But here’s the thing: None of these ingredients are inherently bad. I mean, what do you think wild animals eat? Where do you think all those chicken hearts go? Indeed, when we humans shun the distasteful bits, we’re not condemning them to life as fish food and algae blooms. We’re freeing up those parts to be used for feeding our pets, too.

And with good reason. Why should we waste all those animal parts and pieces just because we Americans tend to harbor resentment against guts? In fact, I’m not averse to feeding my pets by-products. As I’ve confessed here before, I’m given to feeding my pets frozen “gizzard-sickles” as a fun summertime snack!

Meanwhile, lots of people (and their pets) all over the world eat items we might deem “offbeat” and we’d never condemn them for it. So why be all cagey about the animal parts in that bag or can just because it’s not muscle? Why so much fuss?

Truly, that’s my only beef with the by-product concept. It’s a term that’s too arbitrarily and unnecessarily mysterious for my taste, full of sound and fury but typically signifying nothing more than “whatever animal part seems too gross to include on a pet food label.”

I felt so strongly about a manufacturer’s need to keep by-products undefined that I used to hold a fairly contrarian point of view on the subject. I believe I have a right to know what I’m feeding my loved ones-whether they’re human or not-and I thought that should extend to by-products, too. Why hide ingredients under this “mystery meat” category when so many responsible pet owners are perfectly happy to offer their pets by-products in a hundred other forms?
Yet over time I’ve come to believe by-products aren’t so bad, after all. Though I wish the industry had coined another, less mystifying term, it’s a necessary one I now think pet owners need to make peace with.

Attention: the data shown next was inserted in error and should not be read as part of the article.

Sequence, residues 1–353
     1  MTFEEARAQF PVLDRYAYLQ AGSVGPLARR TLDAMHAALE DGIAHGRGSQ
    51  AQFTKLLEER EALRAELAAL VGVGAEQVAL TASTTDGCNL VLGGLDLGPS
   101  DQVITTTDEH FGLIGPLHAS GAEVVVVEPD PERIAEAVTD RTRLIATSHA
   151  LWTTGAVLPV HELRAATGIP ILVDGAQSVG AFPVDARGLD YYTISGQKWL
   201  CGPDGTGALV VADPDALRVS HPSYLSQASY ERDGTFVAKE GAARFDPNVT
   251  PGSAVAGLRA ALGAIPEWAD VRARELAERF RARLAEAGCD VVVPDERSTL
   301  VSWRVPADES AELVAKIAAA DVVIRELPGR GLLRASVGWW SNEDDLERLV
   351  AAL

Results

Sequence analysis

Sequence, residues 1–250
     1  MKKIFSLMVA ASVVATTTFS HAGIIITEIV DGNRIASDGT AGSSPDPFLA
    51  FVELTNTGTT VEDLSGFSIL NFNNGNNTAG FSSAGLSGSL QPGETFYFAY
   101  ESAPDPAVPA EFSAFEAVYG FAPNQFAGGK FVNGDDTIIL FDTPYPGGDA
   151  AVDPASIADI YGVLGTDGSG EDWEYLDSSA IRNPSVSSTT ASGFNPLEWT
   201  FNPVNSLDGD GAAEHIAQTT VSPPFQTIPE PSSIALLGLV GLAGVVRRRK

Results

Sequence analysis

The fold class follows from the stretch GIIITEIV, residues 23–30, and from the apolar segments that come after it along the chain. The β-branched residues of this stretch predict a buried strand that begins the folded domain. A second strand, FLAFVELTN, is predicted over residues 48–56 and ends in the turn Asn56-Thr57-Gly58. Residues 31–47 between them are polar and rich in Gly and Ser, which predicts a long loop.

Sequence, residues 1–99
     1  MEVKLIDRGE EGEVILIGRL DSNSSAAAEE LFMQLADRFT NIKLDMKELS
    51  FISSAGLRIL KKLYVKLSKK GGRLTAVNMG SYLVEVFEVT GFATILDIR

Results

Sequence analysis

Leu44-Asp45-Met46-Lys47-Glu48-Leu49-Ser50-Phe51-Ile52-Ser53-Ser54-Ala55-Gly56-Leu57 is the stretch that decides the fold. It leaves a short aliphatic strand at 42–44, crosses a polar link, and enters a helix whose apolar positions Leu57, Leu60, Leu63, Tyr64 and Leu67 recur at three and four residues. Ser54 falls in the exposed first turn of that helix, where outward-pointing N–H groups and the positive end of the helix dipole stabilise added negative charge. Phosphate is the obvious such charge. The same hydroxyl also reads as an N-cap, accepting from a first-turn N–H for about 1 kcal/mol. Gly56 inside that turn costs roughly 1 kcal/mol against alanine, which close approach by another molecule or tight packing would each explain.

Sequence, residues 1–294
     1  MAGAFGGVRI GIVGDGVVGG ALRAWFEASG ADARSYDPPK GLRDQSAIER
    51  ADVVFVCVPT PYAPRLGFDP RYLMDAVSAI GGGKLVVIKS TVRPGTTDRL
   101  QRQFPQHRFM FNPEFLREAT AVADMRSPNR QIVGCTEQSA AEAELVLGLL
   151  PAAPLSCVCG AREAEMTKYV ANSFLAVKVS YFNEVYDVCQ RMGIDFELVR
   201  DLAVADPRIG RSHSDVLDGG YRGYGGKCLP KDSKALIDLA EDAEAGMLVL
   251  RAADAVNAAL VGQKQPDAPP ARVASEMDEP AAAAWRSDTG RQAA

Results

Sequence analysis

That’s because the ambiguity inherent to this humble hyphenated word is, sadly, unavoidable. How else can manufacturers designate a catch-all category for the miscellaneous animal bits that may or may not come their way on any given day?

The class of ingredients we’ve condemned as meat “by-products” isn’t just a stand-in for “low quality” protein as many pet owners believe. Rather, it’s designed to simplify labels and reduce the costs associated with maintaining a steady supply of one particular part or piece. The term is defined as such for the flexibility in labeling we require to keep pet food affordable to most of us.
After all, would you pay a dollar a pound premium for knowing your by-products include kidneys and kidneys alone? If so, there’s undoubtedly a pet food out there for you.

Though by-products are undeniably produced in ways many pet owners would consider unpleasant, I’d argue that’s true of any process that yields animal protein for consumption by animals or humans. I admit, it’s a hard point to end on if you’re trying to make the case for by-products. But then, if you consider the lowly sausage I disparaged earlier you’ll recognize the truth of the matter:

As long as you’re willing to feed animal products to your pets (as you invariably must if you keep dogs and cats), you should be willing to recognize that something has to happen to the foodstuff of animal origin we humans are unwilling to eat. Our refuse can be used to nourish them…which is how dogs and cats became domesticated in the first place, right? Gross as they may be according to human standards, by-products are far from “mystery meat”; they’re an affordable way to feed the animals we share our lives with.